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KAM THEORY

The paper    contains an answer, probably as near to complete as one could expect,  to the  question posed by Littlewood in the mid 1960's. The problem deals with the  motion of a classical particle on the line in a potential field: $\ddot x+{\partial\over {\partial x}}V(x,t)=0$ with periodic time-dependence in $V$.  This is a model problem for higher dimensional Hamiltonian systems and  includes Duffing's equation with periodic forcing, the pendulum withperiodically varying torque and others. Littlewood considered the potentials $V$ with $V(x,t)\rightarrow \infty$ for $x\rightarrow\pm\infty$; with the aim to understand nonlinear resonances he asked: for  which potentials are all motions bounded, i.e., no resonances persist? According to [26],   for a wide class of potentials the system $\ddot x+V_x(x, t)=0$ is near--integrable for large energies -- more precisely,   there are invariant tori arbitrarily far from the $t$--axis in the $(x, \dot x, t\,{\rm mod}2\pi )$--space.  This near--integrability can hold despite the fact that no smallness assumptions on the time--variation of $V$ are made. The main difficulty of this result lies in reducing what may not originally seem as a small perturbation to a near--autonomous Hamiltonian system. The crucial property of $V$ that results in this near--integrability is the superquadratic growth at infinity, which physically corresponds to the fact that the large-amplitude oscillations are rapid. Some interesting identities involving singular integrals arose as a byproduct of this work; more importantly, a machinery for more explicit estimates of the Poincar\'e map in terms of the potential was developed. The thrust of the main result can be summarized by saying that 
``many non--autonomous (i.e., time--dependent) Hamiltonian systems of the form $\ddot x+V_x(x,t)=0$ with $V$ growing faster than quadratic for large $x$ are well approximated by some completely integrable Hamiltonian system in the range of high energies''.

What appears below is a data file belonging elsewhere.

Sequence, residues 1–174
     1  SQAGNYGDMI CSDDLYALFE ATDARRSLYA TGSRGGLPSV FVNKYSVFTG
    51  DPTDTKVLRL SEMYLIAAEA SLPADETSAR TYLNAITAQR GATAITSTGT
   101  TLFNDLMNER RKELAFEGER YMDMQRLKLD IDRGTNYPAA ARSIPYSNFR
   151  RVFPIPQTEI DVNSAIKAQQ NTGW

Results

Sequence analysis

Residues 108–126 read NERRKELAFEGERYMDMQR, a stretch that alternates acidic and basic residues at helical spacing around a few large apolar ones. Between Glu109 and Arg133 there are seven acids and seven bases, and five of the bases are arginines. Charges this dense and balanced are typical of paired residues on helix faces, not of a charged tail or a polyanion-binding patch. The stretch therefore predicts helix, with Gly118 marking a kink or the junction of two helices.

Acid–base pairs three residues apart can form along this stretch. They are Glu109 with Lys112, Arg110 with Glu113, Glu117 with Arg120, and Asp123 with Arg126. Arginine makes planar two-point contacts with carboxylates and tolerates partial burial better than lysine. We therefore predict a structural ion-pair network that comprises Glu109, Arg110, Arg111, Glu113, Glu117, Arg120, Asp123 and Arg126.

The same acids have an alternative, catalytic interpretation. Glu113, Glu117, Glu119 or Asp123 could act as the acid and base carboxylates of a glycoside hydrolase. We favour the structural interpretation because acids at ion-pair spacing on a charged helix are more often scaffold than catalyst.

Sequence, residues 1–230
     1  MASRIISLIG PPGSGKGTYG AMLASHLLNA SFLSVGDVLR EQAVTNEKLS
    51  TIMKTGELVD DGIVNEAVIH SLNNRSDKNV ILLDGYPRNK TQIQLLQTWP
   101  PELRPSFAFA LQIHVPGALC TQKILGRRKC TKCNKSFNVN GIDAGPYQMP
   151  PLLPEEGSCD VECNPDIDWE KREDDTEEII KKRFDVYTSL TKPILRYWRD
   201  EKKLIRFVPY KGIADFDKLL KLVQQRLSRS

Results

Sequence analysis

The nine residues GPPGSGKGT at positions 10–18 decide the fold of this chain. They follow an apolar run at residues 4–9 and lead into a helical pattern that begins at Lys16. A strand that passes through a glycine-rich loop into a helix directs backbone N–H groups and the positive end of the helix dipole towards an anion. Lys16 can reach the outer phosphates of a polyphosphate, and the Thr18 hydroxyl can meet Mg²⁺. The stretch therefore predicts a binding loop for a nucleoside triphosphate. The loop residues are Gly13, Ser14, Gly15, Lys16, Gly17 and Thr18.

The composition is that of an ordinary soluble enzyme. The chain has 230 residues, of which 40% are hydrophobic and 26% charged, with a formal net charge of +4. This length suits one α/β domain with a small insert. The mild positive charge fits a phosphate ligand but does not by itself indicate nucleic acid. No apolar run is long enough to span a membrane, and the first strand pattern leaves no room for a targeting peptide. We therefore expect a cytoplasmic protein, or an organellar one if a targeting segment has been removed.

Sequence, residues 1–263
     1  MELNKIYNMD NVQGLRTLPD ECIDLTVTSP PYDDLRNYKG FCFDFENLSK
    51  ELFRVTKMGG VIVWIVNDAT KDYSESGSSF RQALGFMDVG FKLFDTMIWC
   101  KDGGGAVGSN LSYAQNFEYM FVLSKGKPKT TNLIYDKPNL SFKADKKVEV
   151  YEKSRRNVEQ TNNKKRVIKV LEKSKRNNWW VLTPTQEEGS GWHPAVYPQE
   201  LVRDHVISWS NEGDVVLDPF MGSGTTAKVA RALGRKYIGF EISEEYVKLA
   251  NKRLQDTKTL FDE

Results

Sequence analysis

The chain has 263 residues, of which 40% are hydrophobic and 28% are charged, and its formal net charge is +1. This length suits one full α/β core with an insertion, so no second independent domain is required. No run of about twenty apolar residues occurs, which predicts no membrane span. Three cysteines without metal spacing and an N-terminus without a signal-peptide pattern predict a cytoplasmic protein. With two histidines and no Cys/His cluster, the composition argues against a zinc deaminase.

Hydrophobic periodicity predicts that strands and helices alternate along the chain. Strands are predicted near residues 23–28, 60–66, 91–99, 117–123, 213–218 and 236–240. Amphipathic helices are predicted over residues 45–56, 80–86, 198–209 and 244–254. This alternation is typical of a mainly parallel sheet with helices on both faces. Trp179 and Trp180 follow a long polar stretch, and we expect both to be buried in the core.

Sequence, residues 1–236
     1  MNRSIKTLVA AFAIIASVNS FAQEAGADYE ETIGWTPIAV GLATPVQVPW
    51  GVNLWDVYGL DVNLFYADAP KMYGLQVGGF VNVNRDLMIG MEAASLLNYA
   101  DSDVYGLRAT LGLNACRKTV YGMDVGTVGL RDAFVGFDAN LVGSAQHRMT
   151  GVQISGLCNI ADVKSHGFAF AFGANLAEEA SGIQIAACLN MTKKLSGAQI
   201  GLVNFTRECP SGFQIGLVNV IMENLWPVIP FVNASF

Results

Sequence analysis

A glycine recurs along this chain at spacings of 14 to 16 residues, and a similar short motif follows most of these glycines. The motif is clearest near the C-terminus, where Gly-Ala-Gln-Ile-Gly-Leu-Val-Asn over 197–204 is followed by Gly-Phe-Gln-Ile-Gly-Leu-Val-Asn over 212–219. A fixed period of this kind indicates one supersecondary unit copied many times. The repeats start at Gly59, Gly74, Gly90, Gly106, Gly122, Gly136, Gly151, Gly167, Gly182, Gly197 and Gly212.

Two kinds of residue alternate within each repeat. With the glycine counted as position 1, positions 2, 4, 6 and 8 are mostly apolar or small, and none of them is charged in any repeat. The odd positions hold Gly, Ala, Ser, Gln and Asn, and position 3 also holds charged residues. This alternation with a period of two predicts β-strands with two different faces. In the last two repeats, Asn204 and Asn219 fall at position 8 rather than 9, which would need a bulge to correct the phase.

In [34]   E. Zehnder and I extended these results to the case of quasiperiodic dependence of $V$ on $t$.  Aubry--Mather theory in higher dimensions: 
The note [38] solves, in a very special case, the problem of extending the Aubry--Mather theory to higher dimensions. The basic question is: do there exist remnants of invariant KAM tori when the problem is not a small perturbation of  an integrable one? The answer is ``yes" for Hamiltonian systems with $n=2$ degrees of freedom, by the Aubry--Mather theory, while for $n= 3$ the answer is unknown.  An essentially equivalent open question  is: given a metric on a 3--torus and a  direction vector, does there exist a locally minimal (i.e. shorter than its neighbors) geodesic with  that   asymptotic direction? To reinterpret this question in terms of geometric optics, it amounts to asking whether there exists a ray for any asymptotic direction in a medium in ${\bf R^3}$ with the index of refraction periodic in all three coordinates. In [38] I gave an affirmative answer for the special metric on ${\bf T}^3={\bf R}^3/{\bf Z}^3$  considered earlier by Hedlund.
The paper [44] with Juergen Moser gives a short variational proof of Moser’s twist theorem. 
In our recent papers [53] and [54] with Vadim Kaloshin we gave a simple geometrical/physical picture of Arnold diffusion (a ubiquitous instability phenomenon in Hamiltonian systems) based on the variational approach. In our latest paper (yet unpublished) we describe a manifestation of Arnold diffusion in a chain of coupled pendula; despite weak coupling, the energy can ``travel” from one pendulum to another in an arbitrarily prescribed order, by an appropriate choice of initial conditions.